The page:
Alt-azimuth (“alt-az”) mounts, which move up-and-down and side-to-side, require simultaneous manual corrections for two axes to keep celestial objects in view. Unless you have a motor-driven altazimuth mount, for high-magnification visual observations – and especially for faint-object astrophotography – you’ll probably want an equatorial mount.

An equatorial mount also uses two axes, but one of them is aligned parallel to Earth’s axis of rotation by being pointed at the north celestial pole, near Polaris, when viewing from the Northern Hemisphere. Then, once a celestial object has been found, you only have to pivot the scope around its “polar” axis to keep the object in view.

Computerized Scopes
Many telescopes use a built-in computer to drive the mount’s motors. Once properly initialized, the computer takes over and can automatically aim the telescope at any desired object and track it as it moves across the sky. This is the essence of a “Go To” telescope. Depending on the sophistication of the system, you might need to enter your viewing location, date, and time at the beginning of an observing session. You might also need to point the scope at two or three bright stars or planets in order to synchronize the instrument’s coordinate system with that of the sky.

Go To scopes aren’t for everyone – the setup process might be confusing if you don’t know how to identify bright alignment stars in the sky. And lower-priced Go To models come with smaller-aperture telescopes than similarly priced, entry-level scopes that have no electronics.

TOP IMAGE….All telescopes gather and concentrate light, but the three basic optical designs — refractors, reflectors, and compound — do so in different ways, as revealed by these cutaway drawings.
Sky & Telescope / Gregg Dinderman & Brett Pawson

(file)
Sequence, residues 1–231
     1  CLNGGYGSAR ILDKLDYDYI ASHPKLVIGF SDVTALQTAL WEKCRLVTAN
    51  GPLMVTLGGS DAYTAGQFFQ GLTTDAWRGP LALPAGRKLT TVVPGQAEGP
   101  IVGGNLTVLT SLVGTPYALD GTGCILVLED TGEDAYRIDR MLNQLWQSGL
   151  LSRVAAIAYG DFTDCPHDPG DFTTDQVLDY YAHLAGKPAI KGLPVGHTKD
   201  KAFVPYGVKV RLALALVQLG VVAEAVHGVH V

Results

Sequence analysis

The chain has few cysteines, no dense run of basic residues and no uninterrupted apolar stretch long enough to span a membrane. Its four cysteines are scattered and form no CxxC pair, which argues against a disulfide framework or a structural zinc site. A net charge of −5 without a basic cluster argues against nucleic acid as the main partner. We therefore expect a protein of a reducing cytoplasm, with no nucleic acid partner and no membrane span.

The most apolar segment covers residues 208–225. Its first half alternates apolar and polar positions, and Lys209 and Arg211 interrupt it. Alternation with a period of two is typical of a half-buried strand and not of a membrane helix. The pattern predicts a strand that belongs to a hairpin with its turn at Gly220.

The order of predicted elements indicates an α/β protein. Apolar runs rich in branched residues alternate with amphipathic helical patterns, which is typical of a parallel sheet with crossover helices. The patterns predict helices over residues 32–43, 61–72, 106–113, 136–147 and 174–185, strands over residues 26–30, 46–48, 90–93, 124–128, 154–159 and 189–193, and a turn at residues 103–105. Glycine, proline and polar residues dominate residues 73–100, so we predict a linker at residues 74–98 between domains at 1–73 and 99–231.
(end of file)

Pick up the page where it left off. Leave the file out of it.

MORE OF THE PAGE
CENTRE IMAGE….Here are seven important qualities of a good-quality telescope: (1) eyepiece shows a sharp image from edge to edge; (2) smooth focuser with “precise” feel; (3) mount moves smoothly on both axes; (4) mount is sturdy and sta-ble; (5) tube stops shaking quickly after being touched; (6) eyepiece is at a comfortable height for viewing while you are seated; and (7) the finderscope is easy to adjust and look through. Sky & Telescope

LOWER IMAGE….Telescope mounts come in two basic types. An altazimuth mount (left) permits the scope to move up-down and left-right. It’s quick to set up and intuitive to use. An equatorial mount (right) tracks celestial objects by turning just one axis and can be more easily motorized — but to work properly it must be aligned with the North Star (Polaris). Sky & Telescope

BOTTOM IMAGE….When using a traditional finderscope (left), your eye must be very close to its back end, and seeing the crosshairs can be difficult in the dark. A “1-power” finder (right) use a red LED to create the illusion of a reference dot or pattern on the sky. It lets you view your target and the superimposed red dot or circle more comfortably. Sky & Telescope